How to start role-play with your partner and a few ideas to get you there


Even if you’re the most apprehensive showperson in town.

We can’t all be Lisa Rinna. The 58-year-old Real Housewives of Beverly Hills star always puts on a show, and diehard viewers know that doesn’t end at the bedroom door. No, no, no, honey, she is a showgirl through and through.

We don’t all possess the same sass, pizzazz or unshakeable confidence, though, and one place these attributes can come in handy is in the bedroom, specifically when it comes to role-playing. Role-play – a role-play that features ‘a strong erotic element’ – is meant to add spice to our sex life.

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I might be in the minority here, but without those aforementioned theatrical skills and drama classes, the thought leaves me shaking in my boots; it’s the ultimate vulnerability. Interested to find out more and learn how even an over-analyser like myself can give it a go, I reached out to pleasure coach, facilitator and author, Euphemia Russell, for some tips.

Why is it worth investigating role-play with our partner/s?

As a pleasure coach, Euphemia is a strong believer in exploring one’s pleasure (they’ve even written a book all about it, titled Slow Pleasure). Beyond simply genitals and orgasms, pleasure is a full embodiment, connecting us to our senses, desires and needs.

So, why give role-play a go? “It can be fun and playful! It can allow us to cultivate a way of being [what] we want more of in our life or don’t receive in everyday dynamics; we can play with power,” she tells me.

Importantly, Euphemia notes that although role-play is seen as a sure-fire way to “spice it up” (often the first example we think of to add some zest), it doesn’t resonate with everyone. “[T]une into your needs and wants and see if it resonates. Explore the idea, and ask yourself ‘what if I did ___’ and tune into how it feels in your body.” If it’s a go, maybe it’s time to delve in.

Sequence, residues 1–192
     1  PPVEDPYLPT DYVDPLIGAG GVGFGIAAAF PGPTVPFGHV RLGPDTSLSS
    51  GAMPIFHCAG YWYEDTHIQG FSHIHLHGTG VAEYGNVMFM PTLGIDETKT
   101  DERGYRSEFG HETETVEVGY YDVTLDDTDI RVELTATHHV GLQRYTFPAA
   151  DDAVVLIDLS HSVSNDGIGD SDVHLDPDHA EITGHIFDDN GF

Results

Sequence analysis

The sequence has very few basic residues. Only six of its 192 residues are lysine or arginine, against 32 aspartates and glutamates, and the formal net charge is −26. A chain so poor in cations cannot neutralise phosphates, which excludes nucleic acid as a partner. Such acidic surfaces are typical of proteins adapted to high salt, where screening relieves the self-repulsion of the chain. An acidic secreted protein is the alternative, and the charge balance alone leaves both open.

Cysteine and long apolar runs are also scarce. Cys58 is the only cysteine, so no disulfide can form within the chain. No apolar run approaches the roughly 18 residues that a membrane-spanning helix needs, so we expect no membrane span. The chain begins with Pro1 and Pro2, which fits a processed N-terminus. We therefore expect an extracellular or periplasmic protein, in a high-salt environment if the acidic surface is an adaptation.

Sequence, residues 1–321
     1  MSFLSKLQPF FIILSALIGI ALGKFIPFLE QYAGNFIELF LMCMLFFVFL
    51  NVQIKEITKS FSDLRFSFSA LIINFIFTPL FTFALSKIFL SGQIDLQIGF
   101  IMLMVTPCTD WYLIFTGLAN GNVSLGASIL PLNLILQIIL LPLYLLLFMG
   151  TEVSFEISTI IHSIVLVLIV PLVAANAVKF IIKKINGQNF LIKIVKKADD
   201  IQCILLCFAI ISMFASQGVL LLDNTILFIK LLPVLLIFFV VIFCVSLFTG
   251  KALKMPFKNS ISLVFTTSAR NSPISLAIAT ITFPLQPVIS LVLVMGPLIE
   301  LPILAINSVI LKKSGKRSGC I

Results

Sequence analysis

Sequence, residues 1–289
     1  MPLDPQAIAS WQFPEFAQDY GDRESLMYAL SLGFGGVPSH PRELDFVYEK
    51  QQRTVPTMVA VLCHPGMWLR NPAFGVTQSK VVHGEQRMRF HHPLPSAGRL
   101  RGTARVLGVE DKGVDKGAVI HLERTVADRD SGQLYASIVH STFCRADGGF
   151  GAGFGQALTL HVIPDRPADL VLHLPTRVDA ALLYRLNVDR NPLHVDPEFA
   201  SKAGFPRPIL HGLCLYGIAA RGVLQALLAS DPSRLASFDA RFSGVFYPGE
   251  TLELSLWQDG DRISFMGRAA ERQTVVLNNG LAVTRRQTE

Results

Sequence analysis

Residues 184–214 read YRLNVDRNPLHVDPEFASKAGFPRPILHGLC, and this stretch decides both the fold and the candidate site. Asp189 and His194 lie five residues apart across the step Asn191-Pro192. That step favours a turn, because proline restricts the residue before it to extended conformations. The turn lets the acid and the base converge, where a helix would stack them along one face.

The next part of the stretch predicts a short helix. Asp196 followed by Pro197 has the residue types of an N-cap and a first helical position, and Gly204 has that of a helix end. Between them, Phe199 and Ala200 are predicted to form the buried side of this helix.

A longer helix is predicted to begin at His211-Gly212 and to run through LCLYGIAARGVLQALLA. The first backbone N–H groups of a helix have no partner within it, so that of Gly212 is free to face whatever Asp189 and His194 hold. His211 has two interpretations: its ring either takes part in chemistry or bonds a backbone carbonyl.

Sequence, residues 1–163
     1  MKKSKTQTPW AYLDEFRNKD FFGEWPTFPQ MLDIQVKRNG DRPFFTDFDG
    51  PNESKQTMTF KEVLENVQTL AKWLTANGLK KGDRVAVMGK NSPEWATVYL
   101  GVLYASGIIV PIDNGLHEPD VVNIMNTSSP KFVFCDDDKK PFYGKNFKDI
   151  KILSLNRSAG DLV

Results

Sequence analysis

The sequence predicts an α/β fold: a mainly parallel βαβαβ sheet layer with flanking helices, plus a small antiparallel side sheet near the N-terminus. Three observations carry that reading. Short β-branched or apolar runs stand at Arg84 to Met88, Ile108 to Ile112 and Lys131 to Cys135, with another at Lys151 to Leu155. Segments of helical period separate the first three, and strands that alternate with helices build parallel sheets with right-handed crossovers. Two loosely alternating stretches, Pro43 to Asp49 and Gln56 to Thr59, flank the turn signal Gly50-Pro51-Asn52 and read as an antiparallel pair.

How can we overcome the fear of ‘putting on a show’?

Even in a private setting, the idea of dramatising and breaking out of my cynical being is intimidating. Like, the kind of situation that leaves a balloon in your chest – it just won’t pop.

Euphemia shares their thoughts. “Performativity can offer each of us perils and possibilities. It can allow us to get out of a fixed way we believe we are and how we want to express our desire, and [also] be witnessed in our myriad of identities and selves. However, it can also feel performative and not authentic.”

In Euphemia’s work, they note that our ideas about pleasure are so often socialised. We inhale these learnings from the world around us, so “it is complicated to know what are our authentic desires and what are shaped by society”.

If the fear stems from breaking out of our authentic selves, or a lack of this solo understanding, they recommend doing a little taster – just by yourself. “Perform that role alone for 5 mins and see how it feels before being observed by others,” says Euphemia. The experts always say it starts from within.

How do we get started?

The first step is to initiate the conversation with your partner/s. “Ask your lovers and partners what current fantasies they have and share your own (if you know) and follow the tidbit to see if there’s a particular role/person that could bring a fantasy to life.” Maybe you will learn something new about them; perhaps a certain idea will tickle your fancy.

In terms of specific ideas, Euphemia encourages us to steer away from the typical tropes and roles. After all, if we’re investigating our individual state of pleasure, why copy what the world always shows us? And perhaps this is also a source of fear when it comes to role-playing – the worry that we won’t live up the scenarios we’ve seen play out on the screen, in porn, television and film.

To this, Euphemia has some very straightforward advice: “Look beyond the doctor [and] teacher [role-plays] (and please don’t do the police person). This can be embodying a way of being or a person, not just costumes of particular archetypes and tropes.”

So explore what feels right. No two of us are the same and no two relationships are the same. So – surprise, surprise – the way role-play unfolds in each situation is unique. Somehow, that thought is comforting.

When we break free of the stereotypes and the classic ‘sexy’ roles, it becomes about us and not the rest of the world. We’re free to explore the direction our pleasure takes. I can’t help but wonder, though – who does Lisa Rinna embody?

Slow Pleasure by Euphemia Russell, published by Hardie Grant Books, RRP $22.99, is available for pre-order now.

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